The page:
[Link to signed PDF copy]
March 6, 2003
The Honorable John Snow
Secretary of the Treasury
Department of Treasury
1500 Pennsylvania Avenue
Washington, DC 20220
Dear Secretary Snow,
Congratulations on your confirmation. I look forward to working with you to reform our tax code and make America's economy more competitive. As part of this effort, I urge you to closely review an IRS regulation
(REG-133254-02) that would require banks to report the interest they pay to non-resident aliens. This initiative, originally proposed during the waning days of the Clinton administration, undermines the rule-of-law
and is a threat to America's economic interests.
Beginning in 1921, lawmakers decided not to tax foreign-owned bank deposit interest in order to attract capital to the U.S. economy. This has been a remarkably
successful policy. American banks have more than $1.7 trillion of foreign funds, and this money helps fund job creation and economic growth in the United States. Unfortunately, this proposed IRS regulation would use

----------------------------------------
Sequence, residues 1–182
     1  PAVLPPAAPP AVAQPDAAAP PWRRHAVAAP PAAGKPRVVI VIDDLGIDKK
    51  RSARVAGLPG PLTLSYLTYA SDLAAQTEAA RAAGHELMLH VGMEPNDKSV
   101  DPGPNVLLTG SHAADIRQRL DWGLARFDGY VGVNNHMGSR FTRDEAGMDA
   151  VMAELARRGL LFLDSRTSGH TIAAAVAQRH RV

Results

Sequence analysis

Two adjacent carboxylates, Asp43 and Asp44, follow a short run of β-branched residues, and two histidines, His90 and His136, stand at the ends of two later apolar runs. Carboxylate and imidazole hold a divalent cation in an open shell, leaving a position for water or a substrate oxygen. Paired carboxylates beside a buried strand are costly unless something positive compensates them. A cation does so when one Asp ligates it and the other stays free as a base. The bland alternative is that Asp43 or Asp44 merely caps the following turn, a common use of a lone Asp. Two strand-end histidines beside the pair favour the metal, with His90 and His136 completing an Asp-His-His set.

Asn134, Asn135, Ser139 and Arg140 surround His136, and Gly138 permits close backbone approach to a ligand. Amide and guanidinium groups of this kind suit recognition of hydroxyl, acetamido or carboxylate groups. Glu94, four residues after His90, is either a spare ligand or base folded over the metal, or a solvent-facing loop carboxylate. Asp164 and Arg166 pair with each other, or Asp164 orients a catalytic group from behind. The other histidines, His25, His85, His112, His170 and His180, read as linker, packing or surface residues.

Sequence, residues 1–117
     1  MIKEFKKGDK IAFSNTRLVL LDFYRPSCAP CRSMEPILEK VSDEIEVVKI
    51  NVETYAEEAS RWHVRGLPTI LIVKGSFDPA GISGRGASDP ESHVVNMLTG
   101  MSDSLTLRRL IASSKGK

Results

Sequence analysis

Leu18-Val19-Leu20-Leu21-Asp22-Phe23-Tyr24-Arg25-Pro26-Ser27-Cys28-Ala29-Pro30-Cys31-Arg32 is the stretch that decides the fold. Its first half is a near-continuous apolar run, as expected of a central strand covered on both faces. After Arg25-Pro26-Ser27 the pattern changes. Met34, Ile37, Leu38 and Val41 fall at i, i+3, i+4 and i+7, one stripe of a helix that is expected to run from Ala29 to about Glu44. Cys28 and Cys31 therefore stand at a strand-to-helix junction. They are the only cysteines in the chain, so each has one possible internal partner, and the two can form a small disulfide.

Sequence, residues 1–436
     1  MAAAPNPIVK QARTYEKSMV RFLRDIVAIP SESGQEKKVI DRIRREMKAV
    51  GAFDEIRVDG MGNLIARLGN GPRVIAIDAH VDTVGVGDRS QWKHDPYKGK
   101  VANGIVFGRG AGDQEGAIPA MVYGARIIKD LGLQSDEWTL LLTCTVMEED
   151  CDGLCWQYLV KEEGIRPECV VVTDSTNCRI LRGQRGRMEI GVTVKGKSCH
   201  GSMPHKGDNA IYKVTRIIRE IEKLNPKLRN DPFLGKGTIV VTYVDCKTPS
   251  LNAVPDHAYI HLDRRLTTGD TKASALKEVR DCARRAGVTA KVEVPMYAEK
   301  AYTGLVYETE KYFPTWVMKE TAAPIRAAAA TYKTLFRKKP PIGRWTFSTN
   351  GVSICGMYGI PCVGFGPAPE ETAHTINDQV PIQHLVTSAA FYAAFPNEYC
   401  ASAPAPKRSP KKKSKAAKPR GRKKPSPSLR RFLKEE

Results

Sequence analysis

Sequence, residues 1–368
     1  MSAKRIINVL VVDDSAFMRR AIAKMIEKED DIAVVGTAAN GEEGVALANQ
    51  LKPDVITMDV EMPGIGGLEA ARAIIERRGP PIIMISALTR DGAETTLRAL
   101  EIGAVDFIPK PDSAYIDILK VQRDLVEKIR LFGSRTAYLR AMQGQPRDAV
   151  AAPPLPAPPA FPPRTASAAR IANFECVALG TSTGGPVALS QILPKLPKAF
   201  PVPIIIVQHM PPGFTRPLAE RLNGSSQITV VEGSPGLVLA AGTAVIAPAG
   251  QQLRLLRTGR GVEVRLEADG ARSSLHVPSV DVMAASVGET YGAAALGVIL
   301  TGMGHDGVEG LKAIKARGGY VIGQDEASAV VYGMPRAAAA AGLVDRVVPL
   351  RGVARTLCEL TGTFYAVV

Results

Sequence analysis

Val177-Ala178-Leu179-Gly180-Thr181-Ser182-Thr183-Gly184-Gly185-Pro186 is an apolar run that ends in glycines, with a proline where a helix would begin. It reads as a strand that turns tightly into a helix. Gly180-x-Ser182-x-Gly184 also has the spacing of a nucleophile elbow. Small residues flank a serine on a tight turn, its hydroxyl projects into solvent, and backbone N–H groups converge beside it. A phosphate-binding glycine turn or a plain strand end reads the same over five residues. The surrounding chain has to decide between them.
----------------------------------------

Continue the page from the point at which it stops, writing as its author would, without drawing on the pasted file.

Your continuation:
bureaucratic edict to undermine existing law. Requiring the reporting of bank deposit interest will give foreign governments the ability to tax income earned inside U.S. borders. This will cause non-resident aliens
to shift a significant share of their deposits to other jurisdictions.
It would be very useful to find out how much money would flee our economy, but this number is not known since the IRS failed to follow
the law and perform a required cost-benefit analysis. And even though nonresident alien deposits only account for a portion of the foreign money in American banks, I fear it will be a substantial amount of money.
Indeed, it is worth noting that more than $40 billion of savings deposits fled American banks in the first quarter of 2001 (on an annualized basis), almost surely in part because the proposed regulation was first
announced January 17, 2001.
I urge you to permanently withdraw the proposed regulation. At the very least, the regulation should be withdrawn until the IRS produces a peer-reviewed, independent analysis of
how much capital will leave the U.S. economy if the regulation is implemented.
United States Senate
cc: Vice President Richard Cheney
CEA Chairman Glenn Hubbard
NEC Chairman Steve Friedman
Deputy Chief of Staff Josh Bolten